Budgeted at more than $10 million, principal photography was scheduled between November and January 2002, with postproduction to continue through the spring, and a May 2002 premire on FOX. After directing the pilot, Singer would immediately begin pre-production on X2: X-Men United, which was scheduled to being shooting in May as well.

Then September 11 hit, and the production ground to a halt. Said Desanto, "It was devastating. No one was able to function. It was difficult to focus, and we lost about a month, and that caused the schedule to shift." The delay forcded the departure of Bryan Singer from the project to focus on X2. Fox had assigned Rob Bowman to the production. Instead Desanto tried to rope in Nic Meyer (Star Trek), before bringing on Stephen Hopkins, Gary Fleder and Brian Henson. By October it was too late. With Singer gone, FOX had lost interest and withdrew its financial support.

By November, Studios USA and the Sci-Fi Channel announced that they were unable to fund an expensive Galactica production. FOX chose to devote its efforts to creating Josh Whedon's Firefly rather than attempt any further Battlestar Galactica production. By December, Tom DeSanto made an announcement to the fans:

"Our THANKS TO ALL OF YOU that have signed the petitions, written letters and supported the return of Battlestar Galactica. We are listening to you. And we appreciate your support, past, present and future. We feel that you will not be disappointed with our production for the new Battlestar Galactica. And we hope to bring it to you as soon as it is possible."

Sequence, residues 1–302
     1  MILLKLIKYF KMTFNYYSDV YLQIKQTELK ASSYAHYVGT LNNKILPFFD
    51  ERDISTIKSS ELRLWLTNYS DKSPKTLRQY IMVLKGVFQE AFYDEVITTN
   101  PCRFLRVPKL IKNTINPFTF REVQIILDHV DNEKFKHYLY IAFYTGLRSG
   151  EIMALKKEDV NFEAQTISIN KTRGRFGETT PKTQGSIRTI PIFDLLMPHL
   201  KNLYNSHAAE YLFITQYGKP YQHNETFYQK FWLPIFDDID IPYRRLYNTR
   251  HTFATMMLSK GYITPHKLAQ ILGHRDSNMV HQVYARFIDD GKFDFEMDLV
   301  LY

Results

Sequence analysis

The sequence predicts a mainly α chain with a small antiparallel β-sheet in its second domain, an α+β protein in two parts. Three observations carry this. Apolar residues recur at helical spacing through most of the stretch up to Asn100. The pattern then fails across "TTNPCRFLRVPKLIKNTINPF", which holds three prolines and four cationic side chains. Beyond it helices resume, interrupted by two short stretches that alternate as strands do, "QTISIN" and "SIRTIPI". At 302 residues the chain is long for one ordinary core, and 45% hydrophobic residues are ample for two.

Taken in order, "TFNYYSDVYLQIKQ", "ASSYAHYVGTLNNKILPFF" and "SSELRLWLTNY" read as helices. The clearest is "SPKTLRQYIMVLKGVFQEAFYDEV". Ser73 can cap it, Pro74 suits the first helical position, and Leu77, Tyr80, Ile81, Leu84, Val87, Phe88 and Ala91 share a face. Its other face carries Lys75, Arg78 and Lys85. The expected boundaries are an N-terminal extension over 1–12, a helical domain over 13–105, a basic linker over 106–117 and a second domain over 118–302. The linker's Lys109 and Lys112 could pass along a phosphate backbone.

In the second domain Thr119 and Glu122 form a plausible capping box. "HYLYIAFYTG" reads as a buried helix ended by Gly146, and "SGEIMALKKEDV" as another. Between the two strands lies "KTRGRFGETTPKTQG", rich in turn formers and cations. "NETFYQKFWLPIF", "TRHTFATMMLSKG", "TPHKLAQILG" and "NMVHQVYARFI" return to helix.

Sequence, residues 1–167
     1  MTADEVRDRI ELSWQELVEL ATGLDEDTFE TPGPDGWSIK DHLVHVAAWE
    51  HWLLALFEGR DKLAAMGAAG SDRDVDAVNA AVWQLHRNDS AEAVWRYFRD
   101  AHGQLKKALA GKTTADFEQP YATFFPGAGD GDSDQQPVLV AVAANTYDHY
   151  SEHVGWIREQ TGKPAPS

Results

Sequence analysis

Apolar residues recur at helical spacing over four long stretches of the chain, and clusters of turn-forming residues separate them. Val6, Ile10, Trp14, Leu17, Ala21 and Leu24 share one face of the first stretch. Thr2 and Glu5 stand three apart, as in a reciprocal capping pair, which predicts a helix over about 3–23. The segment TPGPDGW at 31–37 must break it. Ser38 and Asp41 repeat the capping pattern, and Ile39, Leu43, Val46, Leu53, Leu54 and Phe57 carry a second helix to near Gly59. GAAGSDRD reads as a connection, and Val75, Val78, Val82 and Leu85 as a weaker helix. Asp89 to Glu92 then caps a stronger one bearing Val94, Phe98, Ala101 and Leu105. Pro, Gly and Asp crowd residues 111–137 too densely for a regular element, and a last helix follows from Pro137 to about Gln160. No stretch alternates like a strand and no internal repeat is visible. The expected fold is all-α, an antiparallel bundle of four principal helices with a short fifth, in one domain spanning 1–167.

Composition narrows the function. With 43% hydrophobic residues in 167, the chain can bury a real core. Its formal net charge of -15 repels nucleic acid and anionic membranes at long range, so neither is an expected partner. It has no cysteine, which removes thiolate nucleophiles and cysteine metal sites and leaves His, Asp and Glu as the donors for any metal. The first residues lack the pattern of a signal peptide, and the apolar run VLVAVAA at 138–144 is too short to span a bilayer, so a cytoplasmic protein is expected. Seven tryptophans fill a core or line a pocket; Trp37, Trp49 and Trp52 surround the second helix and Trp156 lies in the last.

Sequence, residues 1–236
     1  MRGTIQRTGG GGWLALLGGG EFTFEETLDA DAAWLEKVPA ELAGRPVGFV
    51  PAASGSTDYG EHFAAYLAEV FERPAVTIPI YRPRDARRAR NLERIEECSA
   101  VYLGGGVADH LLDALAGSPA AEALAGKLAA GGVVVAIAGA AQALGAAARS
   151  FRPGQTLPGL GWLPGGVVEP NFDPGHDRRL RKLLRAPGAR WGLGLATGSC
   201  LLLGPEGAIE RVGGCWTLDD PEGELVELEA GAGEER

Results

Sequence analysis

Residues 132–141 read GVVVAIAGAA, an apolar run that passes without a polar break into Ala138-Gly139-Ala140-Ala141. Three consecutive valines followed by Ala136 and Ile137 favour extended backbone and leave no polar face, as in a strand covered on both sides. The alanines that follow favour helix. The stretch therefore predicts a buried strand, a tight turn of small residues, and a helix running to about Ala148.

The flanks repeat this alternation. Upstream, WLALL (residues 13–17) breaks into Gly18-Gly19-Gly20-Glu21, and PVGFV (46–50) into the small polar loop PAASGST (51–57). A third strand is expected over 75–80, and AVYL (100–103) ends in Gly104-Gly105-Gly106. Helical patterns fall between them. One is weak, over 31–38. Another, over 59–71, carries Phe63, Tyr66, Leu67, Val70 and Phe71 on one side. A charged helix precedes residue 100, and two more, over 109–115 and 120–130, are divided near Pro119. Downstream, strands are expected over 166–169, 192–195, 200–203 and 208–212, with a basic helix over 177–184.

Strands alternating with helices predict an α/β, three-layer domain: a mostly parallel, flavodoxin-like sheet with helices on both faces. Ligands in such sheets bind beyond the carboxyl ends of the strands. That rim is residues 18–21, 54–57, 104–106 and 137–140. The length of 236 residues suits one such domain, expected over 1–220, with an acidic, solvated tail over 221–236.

Then things went quiet.

On 2 April 2002, the saga ended. The DeSanto project died in favor of a new concept promoted by David Eick and Ron Moore.

Since then, fans have speculated as to what a DeSanto project might have looked like. Many accused the main players of maintaining a "cone of silence" that minimized the fanbase's ability to show their support for a faithful Galactica production. Very little information on the script was ever released until Tom Desanto's presentation at Galacticon in October 2003.

Here is a brief plot description as was revealed at the event. After twenty-five years, Adama has passed on, and the fleet is commanded by Boxey, now called Orin, with Starbuck as second in command. It has been twenty years since the Galactica and the Pegasus together had fought off a massive Cylon attack. The Pegasus had been presumed lost, along with Sheba and Apollo. Since then the Colonials, weary of the search for Earth, had established a new Colony in the midst of an asteroid field. But the Cylons were not gone for good.

In the wake of their defeat, a civil war had occurred, in which a new faction had taken over the Cylon empire, one which desired not the destruction of the humans, but their absorption into the empire by giving up their free will and accepting cybernetic implants. By this method, the humans left behind on the original homeworlds had become assimilated into the Empire. In the last half of the pilot episode, Cylons return to launch an assault on New Caprica. With the Galactica damaged, and just as they are about to complete the attack, they mysteriously halt. The final scenes takes place on the Cylon homeworld, where the camera focuses on the Cylon Apollo, a red light moving back and forth behind his right eye.
larocque6689 is offline   Reply With Quote
Old March 13th, 2004, 09:08 PM   #4
larocque6689's Avatar
Join Date: Aug 2003
Posts: 392


(Desanto timeline continued)